Chickamauga and Chattanooga National Military Park
Cannon Row.jpg
Cannon Row
Map showing the location of Chickamauga and Chattanooga National Military Park
Map showing the location of Chickamauga and Chattanooga National Military Park
Location in Tennessee
Map showing the location of Chickamauga and Chattanooga National Military Park
Map showing the location of Chickamauga and Chattanooga National Military Park
Location in United States
LocationCatoosa, Dade, & Walker County, Georgia & Hamilton County, Tennessee, United States
Nearest cityChattanooga, Tennessee
Coordinates34°56′24″N 85°15′36″W / 34.94000°N 85.26000°W / 34.94000; -85.26000Coordinates: 34°56′24″N 85°15′36″W / 34.94000°N 85.26000°W / 34.94000; -85.26000
Area9,523 acres (38.54 km2)[1]
EstablishedAugust 19, 1890
Visitors977,158 (in 2019)[2]
Governing bodyNational Park Service
WebsiteChickamauga and Chattanooga National Military Park
Chickamauga and Chattanooga National Military Park
LocationS of Chattanooga on U.S. 27, Fort Oglethorpe, Georgia
Built1890
Built byUnited States War Department, National Park Service
Architectural styleBungalow/Craftsman, Single-pen log cabin
NRHP reference No.66000274[3]
Added to NRHPOctober 15, 1966
Wilder Brigade Monument at the Chickamauga Battlefield unit
Wilder Brigade Monument at the Chickamauga Battlefield unit

Chickamauga and Chattanooga National Military Park, located in northern Georgia and southeastern Tennessee, preserves the sites of two major battles of the American Civil War: the Battle of Chickamauga and the Siege of Chattanooga. A detailed history of the park's development was provided by the National Park Service in 1998.[4]

History

Starting in 1890, during the decade, the Congress of the United States authorized the establishment of the first four national military parks: Chickamauga and Chattanooga, Shiloh, Gettysburg and Vicksburg.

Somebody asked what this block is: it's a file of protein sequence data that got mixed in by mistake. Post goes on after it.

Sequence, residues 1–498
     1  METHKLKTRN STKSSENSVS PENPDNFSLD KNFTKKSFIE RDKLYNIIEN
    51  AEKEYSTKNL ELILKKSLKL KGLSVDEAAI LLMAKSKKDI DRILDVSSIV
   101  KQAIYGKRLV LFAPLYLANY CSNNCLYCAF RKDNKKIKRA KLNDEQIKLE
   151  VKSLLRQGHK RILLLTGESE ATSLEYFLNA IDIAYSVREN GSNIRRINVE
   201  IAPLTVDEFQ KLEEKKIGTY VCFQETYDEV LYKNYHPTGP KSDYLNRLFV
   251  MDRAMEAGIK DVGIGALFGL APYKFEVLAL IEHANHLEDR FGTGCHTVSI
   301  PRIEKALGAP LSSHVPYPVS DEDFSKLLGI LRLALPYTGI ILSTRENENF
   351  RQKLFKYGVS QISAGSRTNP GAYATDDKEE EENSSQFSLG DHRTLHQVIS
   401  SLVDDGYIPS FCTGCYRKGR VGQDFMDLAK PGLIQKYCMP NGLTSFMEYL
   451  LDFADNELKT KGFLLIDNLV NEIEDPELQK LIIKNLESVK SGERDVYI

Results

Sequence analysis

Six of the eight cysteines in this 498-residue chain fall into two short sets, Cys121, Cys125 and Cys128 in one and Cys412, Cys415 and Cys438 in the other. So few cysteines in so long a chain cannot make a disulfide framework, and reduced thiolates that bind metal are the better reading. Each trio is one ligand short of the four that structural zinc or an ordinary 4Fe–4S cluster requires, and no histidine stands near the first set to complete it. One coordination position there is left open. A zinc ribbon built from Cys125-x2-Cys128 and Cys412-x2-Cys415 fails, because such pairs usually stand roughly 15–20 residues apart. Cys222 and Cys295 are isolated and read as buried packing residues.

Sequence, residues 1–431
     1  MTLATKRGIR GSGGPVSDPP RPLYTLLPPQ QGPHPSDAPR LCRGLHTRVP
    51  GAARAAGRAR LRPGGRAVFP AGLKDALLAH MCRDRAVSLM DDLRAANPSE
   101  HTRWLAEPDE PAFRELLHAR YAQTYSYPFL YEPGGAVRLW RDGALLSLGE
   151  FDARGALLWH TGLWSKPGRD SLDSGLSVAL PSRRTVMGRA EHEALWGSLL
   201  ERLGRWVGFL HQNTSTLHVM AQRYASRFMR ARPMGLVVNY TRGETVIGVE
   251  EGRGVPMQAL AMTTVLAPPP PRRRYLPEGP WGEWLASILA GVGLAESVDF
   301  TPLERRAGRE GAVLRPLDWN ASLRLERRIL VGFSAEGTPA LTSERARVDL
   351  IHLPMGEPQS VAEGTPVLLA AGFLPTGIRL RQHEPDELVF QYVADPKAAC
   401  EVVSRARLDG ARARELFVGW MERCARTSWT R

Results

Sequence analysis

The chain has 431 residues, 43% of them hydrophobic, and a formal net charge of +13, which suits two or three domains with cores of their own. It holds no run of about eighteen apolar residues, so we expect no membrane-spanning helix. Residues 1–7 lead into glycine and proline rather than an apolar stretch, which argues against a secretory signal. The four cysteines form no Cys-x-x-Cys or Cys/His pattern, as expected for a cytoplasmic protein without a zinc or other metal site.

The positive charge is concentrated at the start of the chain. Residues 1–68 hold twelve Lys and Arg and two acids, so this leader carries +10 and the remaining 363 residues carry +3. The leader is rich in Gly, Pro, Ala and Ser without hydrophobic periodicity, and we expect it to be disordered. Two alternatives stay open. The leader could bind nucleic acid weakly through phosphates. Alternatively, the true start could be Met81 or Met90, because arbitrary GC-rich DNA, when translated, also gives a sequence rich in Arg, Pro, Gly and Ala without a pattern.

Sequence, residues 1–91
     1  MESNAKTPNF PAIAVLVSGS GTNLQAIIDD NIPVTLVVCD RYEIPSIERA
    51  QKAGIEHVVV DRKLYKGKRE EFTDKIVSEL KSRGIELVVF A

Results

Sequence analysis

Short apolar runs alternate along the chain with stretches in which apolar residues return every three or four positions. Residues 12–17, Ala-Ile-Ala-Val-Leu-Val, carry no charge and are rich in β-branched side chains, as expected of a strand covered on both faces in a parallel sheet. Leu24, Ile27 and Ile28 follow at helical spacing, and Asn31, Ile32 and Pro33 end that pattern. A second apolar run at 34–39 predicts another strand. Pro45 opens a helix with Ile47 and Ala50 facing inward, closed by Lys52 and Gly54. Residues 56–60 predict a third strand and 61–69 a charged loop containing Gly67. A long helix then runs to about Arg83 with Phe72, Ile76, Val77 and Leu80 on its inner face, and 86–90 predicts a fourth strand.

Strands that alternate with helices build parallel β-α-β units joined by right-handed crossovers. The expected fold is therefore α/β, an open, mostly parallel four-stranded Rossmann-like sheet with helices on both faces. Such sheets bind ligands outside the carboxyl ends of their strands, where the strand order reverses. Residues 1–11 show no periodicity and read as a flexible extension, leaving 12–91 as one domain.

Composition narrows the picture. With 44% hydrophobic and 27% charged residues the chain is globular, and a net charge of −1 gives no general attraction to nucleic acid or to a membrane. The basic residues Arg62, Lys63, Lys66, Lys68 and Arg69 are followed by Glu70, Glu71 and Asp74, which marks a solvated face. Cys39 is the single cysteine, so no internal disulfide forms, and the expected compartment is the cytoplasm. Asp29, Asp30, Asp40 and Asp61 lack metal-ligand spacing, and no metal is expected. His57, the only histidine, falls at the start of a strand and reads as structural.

The first and largest of these (5,300 acres or 2,145 ha), and the one upon which the establishment and development of most other national military and historical parks was based, was authorized in 1890 at Chickamauga, Georgia and Chattanooga, Tennessee. It was officially dedicated in September 1895.[5] It owes its existence chiefly to the efforts of Generals Henry V. Boynton and Ferdinand Van Derveer, both veterans of the Union Army of the Cumberland, who saw the need for a federal park to preserve and commemorate these battlefields.[6] Another early proponent and driving force behind the park's creation was Ohio General Henry M. Cist, who led the Chickamauga Memorial Society in 1888. Franklin Guest Smith, a former Union officer still on active duty, served as secretary and member of the board of commissioners from 1893 until his 1903 military retirement, and served in the same role as a civilian until 1908.[7] Another former Union officer, Charles H. Grosvenor, was chairman of the park commission from 1910 until his death in 1917. During the Park's early years, it was managed by the War Department and used for military study as well as a memorial. The National Park Service took over site management in 1933.[8]

Use during the Spanish–American War